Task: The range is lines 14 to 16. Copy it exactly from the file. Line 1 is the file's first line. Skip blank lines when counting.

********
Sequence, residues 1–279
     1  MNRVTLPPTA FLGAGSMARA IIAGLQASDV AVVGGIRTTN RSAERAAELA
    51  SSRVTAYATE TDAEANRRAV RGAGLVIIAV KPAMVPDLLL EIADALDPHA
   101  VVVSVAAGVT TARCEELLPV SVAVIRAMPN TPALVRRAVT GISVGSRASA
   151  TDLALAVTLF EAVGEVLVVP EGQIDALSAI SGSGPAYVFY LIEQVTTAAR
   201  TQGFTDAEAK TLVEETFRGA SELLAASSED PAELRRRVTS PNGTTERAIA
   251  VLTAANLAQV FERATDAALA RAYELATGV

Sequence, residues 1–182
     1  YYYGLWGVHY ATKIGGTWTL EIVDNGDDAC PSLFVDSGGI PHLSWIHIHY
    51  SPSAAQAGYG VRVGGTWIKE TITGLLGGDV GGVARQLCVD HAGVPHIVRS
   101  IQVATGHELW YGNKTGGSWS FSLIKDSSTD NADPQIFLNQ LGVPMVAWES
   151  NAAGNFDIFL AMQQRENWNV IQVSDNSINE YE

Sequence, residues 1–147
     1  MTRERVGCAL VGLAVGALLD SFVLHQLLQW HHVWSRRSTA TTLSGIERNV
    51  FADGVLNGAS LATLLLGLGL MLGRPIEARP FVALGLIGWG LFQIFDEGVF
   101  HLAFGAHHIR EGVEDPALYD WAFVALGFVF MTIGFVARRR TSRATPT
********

     1  MTRERVGCAL VGLAVGALLD SFVLHQLLQW HHVWSRRSTA TTLSGIERNV
    51  FADGVLNGAS LATLLLGLGL MLGRPIEARP FVALGLIGWG LFQIFDEGVF
   101  HLAFGAHHIR EGVEDPALYD WAFVALGFVF MTIGFVARRR TSRATPT